Badge-wearing women tackle job challengesBy: Don Chaddock, Managing Editor
Nine regional law enforcement officers were on hand at a local college to speak about their careers. What was unique? All are female.
The symposium, dubbed Women in Law Enforcement, was held Tuesday, March 12, at Folsom Lake College in The Roost.
Most of the officers said they “found” their way into law enforcement through other career paths.
Folsom Police Detective Debra Salvo said she had hoped to be a lawyer but a ride-along with law enforcement changed that goal.
Los Rios College Police Capt. Valerie Cox started out in the armed forces.
“It was a different start for me,” she said. “I started in 1986 as military police. … I’ve worked as a patrol officer, training and communications. I currently oversee Folsom Lake College and Sacramento City College.”
FBI Special Agent Neeiki Bianchi, with the Sacramento Field Office, said there is a lot of travel with the agency and females represent only 10 percent or less of all the field agents.
“I’ve been in the bureau about nine years,” she told the gathering of roughly 30 students. “In a few years, I could be in another state.”
Rancho Cordova Police Chief Rosanne Richeal, who is a captain with the Sacramento County Sheriff’s Office contracted with the city of Rancho Cordova to act as their chief, said there are a lot of opportunities in law enforcement.
Citrus Heights Sgt. Michelle Perez said the police academy is difficult.
“It takes dedication, but you can get through it,” she said.
El Dorado County Sheriff’s Lt. Jackie Noren started out in a non-sworn position at the county jail. She said law enforcement was in her blood.
“I’m the daughter of a longtime (law enforcement officer) and my sister is in law enforcement,” she said. “It’s a passion.”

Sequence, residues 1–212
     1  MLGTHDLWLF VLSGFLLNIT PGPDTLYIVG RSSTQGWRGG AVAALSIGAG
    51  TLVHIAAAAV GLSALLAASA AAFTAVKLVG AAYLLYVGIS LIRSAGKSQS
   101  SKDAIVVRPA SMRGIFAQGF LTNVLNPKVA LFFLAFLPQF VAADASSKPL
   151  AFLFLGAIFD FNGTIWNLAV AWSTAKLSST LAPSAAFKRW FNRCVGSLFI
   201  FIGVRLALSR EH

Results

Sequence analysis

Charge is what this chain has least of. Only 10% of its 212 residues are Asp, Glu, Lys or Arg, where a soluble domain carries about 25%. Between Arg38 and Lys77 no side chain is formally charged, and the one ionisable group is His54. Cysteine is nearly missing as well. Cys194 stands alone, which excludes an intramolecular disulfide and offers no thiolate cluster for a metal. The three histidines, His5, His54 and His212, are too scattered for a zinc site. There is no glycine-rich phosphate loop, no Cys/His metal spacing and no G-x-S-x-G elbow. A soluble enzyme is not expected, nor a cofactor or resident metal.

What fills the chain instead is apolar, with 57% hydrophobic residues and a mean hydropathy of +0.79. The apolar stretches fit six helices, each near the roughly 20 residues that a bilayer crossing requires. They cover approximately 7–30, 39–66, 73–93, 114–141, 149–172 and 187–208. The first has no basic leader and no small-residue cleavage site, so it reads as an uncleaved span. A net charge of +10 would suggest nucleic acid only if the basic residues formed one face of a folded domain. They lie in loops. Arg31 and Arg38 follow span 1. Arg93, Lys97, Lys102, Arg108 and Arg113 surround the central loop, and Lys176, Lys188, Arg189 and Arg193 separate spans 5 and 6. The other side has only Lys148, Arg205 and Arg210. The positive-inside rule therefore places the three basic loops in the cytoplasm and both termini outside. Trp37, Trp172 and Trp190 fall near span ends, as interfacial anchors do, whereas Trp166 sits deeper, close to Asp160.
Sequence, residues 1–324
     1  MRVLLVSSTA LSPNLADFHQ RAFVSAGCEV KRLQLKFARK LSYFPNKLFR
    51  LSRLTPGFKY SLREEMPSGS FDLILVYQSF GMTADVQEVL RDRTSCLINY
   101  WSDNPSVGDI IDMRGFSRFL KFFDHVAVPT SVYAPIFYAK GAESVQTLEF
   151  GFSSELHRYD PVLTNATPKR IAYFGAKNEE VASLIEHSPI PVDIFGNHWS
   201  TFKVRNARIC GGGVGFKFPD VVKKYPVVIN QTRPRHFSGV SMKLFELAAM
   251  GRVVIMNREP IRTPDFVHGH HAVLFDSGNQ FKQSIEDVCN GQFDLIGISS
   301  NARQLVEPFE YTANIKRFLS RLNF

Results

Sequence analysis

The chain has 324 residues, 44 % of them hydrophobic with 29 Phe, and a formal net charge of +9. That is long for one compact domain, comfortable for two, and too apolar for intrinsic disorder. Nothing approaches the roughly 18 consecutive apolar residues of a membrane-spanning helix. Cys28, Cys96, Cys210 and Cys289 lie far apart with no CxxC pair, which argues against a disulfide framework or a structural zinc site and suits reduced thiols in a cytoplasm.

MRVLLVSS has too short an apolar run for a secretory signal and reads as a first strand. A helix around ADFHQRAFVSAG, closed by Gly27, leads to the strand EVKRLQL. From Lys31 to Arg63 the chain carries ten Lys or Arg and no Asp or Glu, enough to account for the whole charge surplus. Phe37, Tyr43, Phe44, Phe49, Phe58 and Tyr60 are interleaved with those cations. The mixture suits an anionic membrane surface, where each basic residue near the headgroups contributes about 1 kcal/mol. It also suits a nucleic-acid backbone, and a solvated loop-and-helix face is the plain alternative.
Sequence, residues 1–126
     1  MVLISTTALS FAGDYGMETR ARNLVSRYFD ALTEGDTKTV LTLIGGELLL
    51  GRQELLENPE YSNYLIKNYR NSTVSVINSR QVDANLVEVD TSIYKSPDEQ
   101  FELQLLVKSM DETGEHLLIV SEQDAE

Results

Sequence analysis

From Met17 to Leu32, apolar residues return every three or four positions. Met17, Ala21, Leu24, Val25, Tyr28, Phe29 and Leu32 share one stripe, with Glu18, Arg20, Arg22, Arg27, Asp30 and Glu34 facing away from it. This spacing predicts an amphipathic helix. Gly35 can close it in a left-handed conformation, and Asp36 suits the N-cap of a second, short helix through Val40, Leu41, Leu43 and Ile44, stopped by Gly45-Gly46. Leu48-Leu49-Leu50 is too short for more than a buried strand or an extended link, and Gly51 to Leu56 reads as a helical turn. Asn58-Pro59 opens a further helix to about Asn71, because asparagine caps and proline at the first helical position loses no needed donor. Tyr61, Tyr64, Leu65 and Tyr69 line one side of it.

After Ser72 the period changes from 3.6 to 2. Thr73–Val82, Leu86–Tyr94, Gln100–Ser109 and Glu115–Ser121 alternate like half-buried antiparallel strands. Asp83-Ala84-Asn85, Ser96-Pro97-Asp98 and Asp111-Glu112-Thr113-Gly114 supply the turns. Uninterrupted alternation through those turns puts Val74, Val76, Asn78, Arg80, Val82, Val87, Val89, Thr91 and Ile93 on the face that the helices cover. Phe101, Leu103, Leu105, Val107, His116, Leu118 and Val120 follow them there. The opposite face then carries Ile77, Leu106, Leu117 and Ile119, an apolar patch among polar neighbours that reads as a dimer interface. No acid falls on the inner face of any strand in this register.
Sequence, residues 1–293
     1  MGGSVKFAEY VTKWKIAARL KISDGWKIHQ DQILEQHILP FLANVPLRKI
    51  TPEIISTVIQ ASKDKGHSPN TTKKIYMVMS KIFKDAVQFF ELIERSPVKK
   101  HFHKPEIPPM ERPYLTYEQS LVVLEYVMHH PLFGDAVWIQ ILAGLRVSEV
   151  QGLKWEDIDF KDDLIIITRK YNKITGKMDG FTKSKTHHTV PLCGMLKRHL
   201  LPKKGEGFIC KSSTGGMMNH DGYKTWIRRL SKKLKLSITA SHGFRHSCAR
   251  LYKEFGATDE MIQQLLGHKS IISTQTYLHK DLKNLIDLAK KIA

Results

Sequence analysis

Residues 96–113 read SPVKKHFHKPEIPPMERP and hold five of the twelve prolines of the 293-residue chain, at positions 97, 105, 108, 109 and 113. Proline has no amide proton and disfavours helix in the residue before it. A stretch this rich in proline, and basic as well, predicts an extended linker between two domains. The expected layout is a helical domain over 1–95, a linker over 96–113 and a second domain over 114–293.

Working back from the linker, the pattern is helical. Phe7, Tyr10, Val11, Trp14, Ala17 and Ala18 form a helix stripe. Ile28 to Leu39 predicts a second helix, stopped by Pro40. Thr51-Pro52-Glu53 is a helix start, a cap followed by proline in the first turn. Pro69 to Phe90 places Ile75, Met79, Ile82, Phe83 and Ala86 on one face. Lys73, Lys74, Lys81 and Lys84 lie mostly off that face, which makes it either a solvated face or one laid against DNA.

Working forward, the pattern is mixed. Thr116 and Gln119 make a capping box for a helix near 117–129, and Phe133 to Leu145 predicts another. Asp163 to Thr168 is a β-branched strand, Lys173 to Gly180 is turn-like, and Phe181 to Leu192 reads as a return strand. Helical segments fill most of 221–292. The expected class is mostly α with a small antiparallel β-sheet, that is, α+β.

Los Rios College Police Officer Tanya Racki said she started out in dispatch.
“I was a dispatcher for seven years,” she said. “We would send out the calls and wait and wonder what the officers were doing, wonder what was happening. I put myself through the academy because I wanted to know what was happening on the other side of the radio.”
Those who have been in their careers longer said there were challenges at first while the younger officers said they hadn’t seen much in the way of sexual discrimination.
Bianchi said being smaller than most in her training class put her ad a disadvantage, but she didn’t let it show.
“I never felt any difference in gender,” she said. “I didn’t focus on my gender, especially physically. I was probably the lightest in my class by 20 pounds.”
She said that often resulted in taking on extra pounding in the defense courses, but it was worth the effort.
“You should have expectations as a female not to be treated differently,” she said. “It needs to be a level playing field.”
Cox said the military was difficult.
“Coming from the military, I faced stiff resistance. In our career field, in 1986, women had only been allowed for about 10 years at that point,” she said.
She stressed to the women in the audience it was about the perceptions of others and self-confidence is key.
“It’s things other people put on you as a woman,” she said.
Noren said she was aware she was different as soon as she stepped into the sheriff’s office.
“I was going into a male-dominated profession and I knew I would be treated differently,” Noren said. “When you’re walking down the hall and people stop talking, it (can be tough). I thought, ‘I’m going to do my job and the best I possibly can.’”
She said women have their place in law enforcement.
“I never imagined there would be geeks in law enforcement, but they’re necessary,” she said. “As women, we’re needed.”
Richeal said women can do the job just as well as anyone else.
“I’m 5-foot, 4-inches and I’ve taken down a 6-foot-, 300-pound guy,” she said. “That’s a big guy. It’s technique, not strength.”
Noren said the job can be depressing if officers allow it to affect them.
“When you’re dealing with people at their worst, in their (crisis situation), it can bring you down. You’ve got to have a positive attitude.”